Step 1: Be firm when tending your garden and remove plants that don’t thrive, to keep flower beds uniformed and maintain unity.
Repetition of key colors, shapes and species throughout your flower gardens provides cohesion that keeps them from looking disjointed or overwhelming. Odd numbers of plant groupings tend to be more pleasing on the eye than even ones.
Focal points draw the eye to specific parts of a garden. This could include plants, containers or decor like statues and trellises that draw your eye towards an area. The best focal points should add interest and draw away attention from other parts. Furthermore, they should also be unique as possible.
Flowers make an excellent focal point in any garden, but it is essential that it lasts throughout the season. Select colors adjacent on the color wheel; group fine-leafed plants next to coarse-leafed ones for visual interest; experiment with texture by using groupings of fine and coarse leaves together in arrangements – these tips can all help ensure success when selecting flowers as focal points in your garden!
Other objects can also be used as focal points in the garden, including water features, ponds, art or even furniture pieces. Annuals planted in an old bicycle or sewing machine make an easy way to add visual interest and bring some fun and frivolity into your garden space.
Flower border design depends on a range of variables: your garden location, plants selected and design goals are all crucial components to consider when creating beautiful borders. There are some general principles you can abide by to achieve optimal results when creating stunning borders, however.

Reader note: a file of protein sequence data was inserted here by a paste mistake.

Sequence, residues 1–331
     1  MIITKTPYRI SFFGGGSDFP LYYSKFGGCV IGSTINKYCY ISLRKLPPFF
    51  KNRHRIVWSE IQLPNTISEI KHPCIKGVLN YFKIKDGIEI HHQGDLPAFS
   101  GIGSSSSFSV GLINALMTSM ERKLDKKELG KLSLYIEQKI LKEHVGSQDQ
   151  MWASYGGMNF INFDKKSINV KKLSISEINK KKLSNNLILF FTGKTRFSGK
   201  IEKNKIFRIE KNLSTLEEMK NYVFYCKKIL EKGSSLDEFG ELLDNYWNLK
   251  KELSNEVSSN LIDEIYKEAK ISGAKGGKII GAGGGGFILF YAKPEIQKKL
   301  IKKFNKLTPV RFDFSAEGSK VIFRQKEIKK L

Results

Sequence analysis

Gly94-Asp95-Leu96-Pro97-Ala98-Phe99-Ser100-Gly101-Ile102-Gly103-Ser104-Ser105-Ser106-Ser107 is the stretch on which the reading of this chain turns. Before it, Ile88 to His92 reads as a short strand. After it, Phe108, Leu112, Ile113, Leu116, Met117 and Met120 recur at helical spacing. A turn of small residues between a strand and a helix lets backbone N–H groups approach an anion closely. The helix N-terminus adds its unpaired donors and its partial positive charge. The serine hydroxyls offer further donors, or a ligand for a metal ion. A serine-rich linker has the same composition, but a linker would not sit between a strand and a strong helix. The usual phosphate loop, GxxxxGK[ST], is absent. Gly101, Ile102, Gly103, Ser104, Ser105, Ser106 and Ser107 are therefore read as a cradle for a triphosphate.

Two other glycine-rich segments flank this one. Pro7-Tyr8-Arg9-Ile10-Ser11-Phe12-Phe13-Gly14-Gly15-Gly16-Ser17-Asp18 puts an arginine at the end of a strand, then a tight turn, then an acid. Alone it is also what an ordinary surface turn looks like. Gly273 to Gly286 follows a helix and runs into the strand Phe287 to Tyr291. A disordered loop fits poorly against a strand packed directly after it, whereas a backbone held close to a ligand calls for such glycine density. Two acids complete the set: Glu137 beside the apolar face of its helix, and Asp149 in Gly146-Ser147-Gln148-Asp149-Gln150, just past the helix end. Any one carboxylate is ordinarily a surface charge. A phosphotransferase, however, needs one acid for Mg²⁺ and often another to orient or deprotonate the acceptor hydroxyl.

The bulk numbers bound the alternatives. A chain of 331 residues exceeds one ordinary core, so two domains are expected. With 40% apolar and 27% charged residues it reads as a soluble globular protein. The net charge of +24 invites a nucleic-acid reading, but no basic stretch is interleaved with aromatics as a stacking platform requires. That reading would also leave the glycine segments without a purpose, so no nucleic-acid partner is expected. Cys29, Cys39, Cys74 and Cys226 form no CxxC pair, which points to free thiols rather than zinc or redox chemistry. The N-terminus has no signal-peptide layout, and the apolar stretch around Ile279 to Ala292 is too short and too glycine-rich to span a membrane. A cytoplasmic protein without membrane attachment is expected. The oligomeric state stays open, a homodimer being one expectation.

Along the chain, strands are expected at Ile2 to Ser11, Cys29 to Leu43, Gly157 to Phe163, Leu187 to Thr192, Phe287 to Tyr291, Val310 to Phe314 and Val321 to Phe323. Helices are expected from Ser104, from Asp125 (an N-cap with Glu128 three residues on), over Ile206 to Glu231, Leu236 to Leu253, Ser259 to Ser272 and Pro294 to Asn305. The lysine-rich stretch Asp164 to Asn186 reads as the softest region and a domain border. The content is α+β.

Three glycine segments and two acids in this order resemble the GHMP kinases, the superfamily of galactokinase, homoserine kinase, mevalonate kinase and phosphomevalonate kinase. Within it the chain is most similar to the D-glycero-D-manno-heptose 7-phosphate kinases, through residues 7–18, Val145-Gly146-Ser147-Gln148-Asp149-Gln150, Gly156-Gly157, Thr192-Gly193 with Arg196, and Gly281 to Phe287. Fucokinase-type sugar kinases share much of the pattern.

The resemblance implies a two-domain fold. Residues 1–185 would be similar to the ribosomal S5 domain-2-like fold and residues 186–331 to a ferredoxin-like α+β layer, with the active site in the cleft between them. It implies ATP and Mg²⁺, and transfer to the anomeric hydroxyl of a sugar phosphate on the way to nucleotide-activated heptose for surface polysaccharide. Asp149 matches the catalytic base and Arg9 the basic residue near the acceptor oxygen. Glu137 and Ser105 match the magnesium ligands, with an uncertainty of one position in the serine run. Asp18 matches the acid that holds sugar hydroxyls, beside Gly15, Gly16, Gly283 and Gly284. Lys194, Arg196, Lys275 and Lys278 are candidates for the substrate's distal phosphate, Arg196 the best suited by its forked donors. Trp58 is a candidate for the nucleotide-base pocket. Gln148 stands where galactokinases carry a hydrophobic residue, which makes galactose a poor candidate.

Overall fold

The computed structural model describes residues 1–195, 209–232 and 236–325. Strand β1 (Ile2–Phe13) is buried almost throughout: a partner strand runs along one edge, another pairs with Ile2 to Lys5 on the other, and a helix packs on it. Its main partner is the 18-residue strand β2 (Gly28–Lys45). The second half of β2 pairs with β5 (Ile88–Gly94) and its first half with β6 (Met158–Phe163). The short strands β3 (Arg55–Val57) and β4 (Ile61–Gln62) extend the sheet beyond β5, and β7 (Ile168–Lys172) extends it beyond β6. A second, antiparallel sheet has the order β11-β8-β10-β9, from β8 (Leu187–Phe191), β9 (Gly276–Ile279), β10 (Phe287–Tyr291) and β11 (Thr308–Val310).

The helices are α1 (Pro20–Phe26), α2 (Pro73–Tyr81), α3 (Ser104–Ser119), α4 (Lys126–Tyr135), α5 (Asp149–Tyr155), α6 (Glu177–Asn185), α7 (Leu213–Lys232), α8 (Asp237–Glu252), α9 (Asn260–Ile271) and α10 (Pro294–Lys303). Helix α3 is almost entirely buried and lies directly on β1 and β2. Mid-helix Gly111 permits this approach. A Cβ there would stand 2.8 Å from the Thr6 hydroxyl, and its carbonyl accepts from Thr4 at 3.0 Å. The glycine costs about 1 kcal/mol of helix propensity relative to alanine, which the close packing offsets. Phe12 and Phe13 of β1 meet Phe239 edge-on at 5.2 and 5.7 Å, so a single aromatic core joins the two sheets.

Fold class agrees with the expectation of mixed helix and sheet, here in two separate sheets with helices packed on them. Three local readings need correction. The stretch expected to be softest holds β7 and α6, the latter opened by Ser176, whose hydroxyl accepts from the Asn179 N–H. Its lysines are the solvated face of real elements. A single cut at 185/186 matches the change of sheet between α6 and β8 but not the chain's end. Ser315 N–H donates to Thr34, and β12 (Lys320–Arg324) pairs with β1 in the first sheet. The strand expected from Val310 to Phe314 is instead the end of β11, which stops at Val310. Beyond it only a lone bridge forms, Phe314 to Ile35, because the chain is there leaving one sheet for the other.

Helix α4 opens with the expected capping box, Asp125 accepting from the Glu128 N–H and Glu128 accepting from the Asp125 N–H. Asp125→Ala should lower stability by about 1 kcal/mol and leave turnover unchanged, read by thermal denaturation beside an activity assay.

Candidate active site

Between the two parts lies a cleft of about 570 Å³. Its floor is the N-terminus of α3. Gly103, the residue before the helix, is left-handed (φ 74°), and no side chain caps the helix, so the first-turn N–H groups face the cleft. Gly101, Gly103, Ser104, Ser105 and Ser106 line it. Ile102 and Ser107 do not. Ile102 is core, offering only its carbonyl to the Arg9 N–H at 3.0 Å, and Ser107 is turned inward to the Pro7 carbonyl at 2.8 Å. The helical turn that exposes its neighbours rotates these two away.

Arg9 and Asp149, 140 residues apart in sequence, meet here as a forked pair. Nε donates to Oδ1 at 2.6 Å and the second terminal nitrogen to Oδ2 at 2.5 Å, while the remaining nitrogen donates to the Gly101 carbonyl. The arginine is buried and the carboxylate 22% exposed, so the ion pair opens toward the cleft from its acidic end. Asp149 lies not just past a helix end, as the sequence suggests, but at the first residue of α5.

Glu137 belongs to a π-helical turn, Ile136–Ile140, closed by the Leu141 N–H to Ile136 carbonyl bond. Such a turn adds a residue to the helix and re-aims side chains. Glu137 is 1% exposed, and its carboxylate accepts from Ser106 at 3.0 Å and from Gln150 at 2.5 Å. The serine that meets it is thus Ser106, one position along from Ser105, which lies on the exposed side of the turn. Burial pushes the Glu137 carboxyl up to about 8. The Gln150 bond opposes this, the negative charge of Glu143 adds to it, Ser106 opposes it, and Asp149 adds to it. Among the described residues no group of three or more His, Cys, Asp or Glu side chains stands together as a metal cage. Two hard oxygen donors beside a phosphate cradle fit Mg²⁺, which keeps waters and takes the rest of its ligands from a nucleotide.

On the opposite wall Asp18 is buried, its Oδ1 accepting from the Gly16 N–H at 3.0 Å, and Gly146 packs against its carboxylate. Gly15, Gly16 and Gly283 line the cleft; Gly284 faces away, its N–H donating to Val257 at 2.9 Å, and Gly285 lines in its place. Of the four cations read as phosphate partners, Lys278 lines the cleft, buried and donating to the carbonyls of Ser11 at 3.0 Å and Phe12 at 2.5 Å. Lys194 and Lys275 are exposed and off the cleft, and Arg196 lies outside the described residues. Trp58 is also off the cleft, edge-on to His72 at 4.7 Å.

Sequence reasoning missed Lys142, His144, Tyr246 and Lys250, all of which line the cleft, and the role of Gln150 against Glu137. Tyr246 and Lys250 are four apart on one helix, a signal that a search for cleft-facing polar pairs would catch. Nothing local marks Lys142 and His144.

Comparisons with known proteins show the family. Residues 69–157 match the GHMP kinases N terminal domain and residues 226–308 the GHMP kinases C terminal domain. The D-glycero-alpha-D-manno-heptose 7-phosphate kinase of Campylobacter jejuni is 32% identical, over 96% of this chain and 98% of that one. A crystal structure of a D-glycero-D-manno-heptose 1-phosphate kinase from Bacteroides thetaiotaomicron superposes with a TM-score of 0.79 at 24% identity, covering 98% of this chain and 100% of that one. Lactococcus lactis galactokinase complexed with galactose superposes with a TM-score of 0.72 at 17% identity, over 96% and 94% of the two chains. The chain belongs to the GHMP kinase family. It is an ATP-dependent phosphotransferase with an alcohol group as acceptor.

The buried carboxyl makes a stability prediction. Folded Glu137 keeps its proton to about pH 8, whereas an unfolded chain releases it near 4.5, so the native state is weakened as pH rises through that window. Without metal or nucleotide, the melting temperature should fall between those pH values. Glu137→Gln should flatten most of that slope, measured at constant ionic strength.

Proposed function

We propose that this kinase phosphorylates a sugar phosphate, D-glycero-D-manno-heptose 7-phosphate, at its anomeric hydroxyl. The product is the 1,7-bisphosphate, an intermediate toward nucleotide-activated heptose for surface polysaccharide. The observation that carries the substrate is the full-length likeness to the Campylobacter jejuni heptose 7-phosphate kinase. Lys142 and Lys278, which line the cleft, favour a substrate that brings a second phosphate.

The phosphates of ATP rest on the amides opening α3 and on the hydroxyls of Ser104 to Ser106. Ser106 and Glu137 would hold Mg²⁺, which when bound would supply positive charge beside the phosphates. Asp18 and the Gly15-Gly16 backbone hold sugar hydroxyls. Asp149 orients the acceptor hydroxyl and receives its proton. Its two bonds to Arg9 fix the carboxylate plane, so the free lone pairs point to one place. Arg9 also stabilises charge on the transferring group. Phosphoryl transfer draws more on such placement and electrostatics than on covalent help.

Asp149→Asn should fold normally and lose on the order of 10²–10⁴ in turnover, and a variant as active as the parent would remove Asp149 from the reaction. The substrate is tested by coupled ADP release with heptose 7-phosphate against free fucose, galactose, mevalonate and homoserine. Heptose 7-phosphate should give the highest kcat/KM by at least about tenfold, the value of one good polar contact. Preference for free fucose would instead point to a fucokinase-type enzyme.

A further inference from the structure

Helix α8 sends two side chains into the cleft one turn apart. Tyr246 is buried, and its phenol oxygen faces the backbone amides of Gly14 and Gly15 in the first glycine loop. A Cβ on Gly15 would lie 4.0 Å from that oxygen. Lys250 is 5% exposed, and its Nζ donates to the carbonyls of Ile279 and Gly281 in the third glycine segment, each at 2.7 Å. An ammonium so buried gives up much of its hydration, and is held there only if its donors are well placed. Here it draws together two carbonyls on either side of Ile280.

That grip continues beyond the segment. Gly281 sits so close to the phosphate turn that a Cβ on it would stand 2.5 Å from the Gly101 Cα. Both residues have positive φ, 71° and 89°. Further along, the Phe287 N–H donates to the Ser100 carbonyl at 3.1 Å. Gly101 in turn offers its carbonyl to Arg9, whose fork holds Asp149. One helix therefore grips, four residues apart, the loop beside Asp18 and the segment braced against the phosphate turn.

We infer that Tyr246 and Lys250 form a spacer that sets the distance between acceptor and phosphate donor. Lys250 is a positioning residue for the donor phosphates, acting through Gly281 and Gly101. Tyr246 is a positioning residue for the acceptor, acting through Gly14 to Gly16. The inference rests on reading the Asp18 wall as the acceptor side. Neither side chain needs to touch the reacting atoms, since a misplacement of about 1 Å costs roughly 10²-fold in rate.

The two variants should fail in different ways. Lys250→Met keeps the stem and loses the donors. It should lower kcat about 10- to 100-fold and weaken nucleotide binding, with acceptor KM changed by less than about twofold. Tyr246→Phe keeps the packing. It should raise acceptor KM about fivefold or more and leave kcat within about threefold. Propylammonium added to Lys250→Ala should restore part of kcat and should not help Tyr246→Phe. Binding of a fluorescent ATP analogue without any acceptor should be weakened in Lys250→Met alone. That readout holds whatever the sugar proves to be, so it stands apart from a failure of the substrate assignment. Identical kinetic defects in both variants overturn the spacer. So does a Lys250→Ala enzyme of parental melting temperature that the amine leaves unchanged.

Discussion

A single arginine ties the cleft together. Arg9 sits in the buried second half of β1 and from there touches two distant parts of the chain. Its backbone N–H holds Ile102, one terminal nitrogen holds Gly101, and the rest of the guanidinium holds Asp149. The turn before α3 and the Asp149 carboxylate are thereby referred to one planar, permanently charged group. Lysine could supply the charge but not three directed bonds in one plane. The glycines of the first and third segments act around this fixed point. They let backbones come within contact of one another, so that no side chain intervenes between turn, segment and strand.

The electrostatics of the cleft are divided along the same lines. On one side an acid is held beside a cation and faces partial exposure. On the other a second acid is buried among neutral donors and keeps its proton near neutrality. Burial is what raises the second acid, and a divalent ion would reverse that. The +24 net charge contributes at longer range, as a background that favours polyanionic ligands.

Mixing heights can add interest and allow your flowers access to sunlight that they need for growth. By doing this, your plantings will appear more varied while adding depth.
Be sure to utilize plants of various textures in your garden design, from fine marigolds with coarse foliage (canna lilies) and coarse foliage (marigolds) that contrasts each other to create dynamic visual appeal. Furthermore, try mixing up leaf shapes; round and oval plants can provide striking visual contrast as well as break up the line of your garden and make it less intimidating.
Add trellis and arches to your flower garden to make it stand out as more than a border in the landscape. They can draw visitors into your garden, draw people in with shade trees, a birdbath or bluestone patio features as a focal point and help it blend with other features like these.
Expert flower garden designers understand how to incorporate hardscape elements that add visual interest and depth into their beds, such as arched trellises. Curved trellis/arbors can complement straight and angular lines of both home and landscape designs while an arched trellis draws the eye toward its entrance.
Choose flowers with multiple blooming periods so your gardens remain colorful even as other plants fade in the heat of summer. When selecting blooms for your climate, take into account both your USDA growing zone and first and last frost dates when choosing blooms that thrive well there.
No matter whether your garden is filled with roses or is more colorful and varied, try playing around with texture and size to add interest and variety. Place dainty marigolds and daisies among coarse plants such as ferns or hollyhocks for an appealing contrast in textures.
Consider your lighting conditions carefully when planning for the garden, particularly if there are areas that remain shaded throughout the day. Shade-tolerant plants like impatients and begonias make great additions in these spots.
Donna Hackman, a retired garden designer, suggests using clean edges to separate flower beds from lawns and wide enough paths between beds to protect your showy blooms from being trampled by mowers. Also don’t forget the height ornamental grasses or shrubs add; they add year-round interest!